The U.S. Department of Transportation's National Highway Traffic Safety Administration (NHTSA) issued proposed guidance Monday designed to help improve motor vehicle cybersecurity. The guidance is based on public feedback gathered by the agency, as well as the National Institute of Standards and Technology's (NIST) framework for improving the cybersecurity of critical infrastructure.
The guidance includes cybersecurity best practices for "all motor vehicles, individuals and organizations manufacturing and designing vehicle systems and software," NHTSA said in its announcement.
U.S. Transportation Secretary Anthony Foxx said the goal is to "protect against breaches and other security failures that can compromise motor vehicle safety."
The proposed cybersecurity guidance emphasizes identification and protection of critical vehicle controls as well as sensitive consumer data. The measures are not rules, but instead a step toward improving cybersecurity in an area that does not yet have any requirements companies must follow.
"In the constantly changing environment of technology and cybersecurity, no single or static approach is sufficient," said NHTSA Administrator Dr. Mark Rosekind. "Everyone involved must keep moving, adapting, and improving to stay ahead of the bad guys."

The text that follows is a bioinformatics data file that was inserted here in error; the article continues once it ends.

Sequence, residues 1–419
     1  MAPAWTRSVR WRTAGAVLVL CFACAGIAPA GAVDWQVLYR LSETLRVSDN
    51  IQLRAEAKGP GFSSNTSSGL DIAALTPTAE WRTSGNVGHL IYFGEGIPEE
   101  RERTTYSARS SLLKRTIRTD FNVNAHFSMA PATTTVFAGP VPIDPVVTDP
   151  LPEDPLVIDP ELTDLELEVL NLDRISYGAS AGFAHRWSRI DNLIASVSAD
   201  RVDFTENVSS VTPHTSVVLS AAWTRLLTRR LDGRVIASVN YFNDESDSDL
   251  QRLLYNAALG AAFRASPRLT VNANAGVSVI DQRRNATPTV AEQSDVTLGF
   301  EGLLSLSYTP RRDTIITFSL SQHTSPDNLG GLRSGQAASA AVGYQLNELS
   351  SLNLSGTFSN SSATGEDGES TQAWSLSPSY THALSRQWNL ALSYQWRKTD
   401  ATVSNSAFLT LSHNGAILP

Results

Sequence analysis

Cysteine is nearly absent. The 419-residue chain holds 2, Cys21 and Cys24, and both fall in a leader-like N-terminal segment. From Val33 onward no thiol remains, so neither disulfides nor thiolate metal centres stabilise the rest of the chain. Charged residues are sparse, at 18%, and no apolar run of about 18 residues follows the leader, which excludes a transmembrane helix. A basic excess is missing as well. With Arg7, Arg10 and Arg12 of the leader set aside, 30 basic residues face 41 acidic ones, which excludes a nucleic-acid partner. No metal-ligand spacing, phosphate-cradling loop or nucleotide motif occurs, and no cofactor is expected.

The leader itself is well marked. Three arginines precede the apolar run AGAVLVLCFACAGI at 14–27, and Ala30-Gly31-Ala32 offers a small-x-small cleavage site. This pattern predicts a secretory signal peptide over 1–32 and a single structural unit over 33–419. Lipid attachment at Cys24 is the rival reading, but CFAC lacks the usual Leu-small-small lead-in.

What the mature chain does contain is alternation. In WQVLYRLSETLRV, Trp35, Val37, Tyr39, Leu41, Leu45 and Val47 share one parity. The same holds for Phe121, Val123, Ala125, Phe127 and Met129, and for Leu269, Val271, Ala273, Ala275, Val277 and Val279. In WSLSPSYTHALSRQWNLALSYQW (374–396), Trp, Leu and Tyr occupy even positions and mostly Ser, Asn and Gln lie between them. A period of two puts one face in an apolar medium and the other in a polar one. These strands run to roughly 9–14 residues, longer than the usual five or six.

Last year, security experts proved in a controlled test that they could use the internet to take control of a car as it drives. Fiat Chrysler Automobiles consequently recalled 1.4 million vehicles to fix a software defect that could allow hackers to control multiple vehicle functions. Now, that same company has a vehicle bug bounty program in place.
Security related to sensors and Internet of Things (IoT) technology has been in the spotlight recently as cyber criminals learn to harness botnets and internet-connected sensors to launch massive Distributed Denial of Service (DDoS) attacks, such as the one that hit DNS provider Dyn Friday.
NHTSA is soliciting public comments on the proposed guidance for 30 days.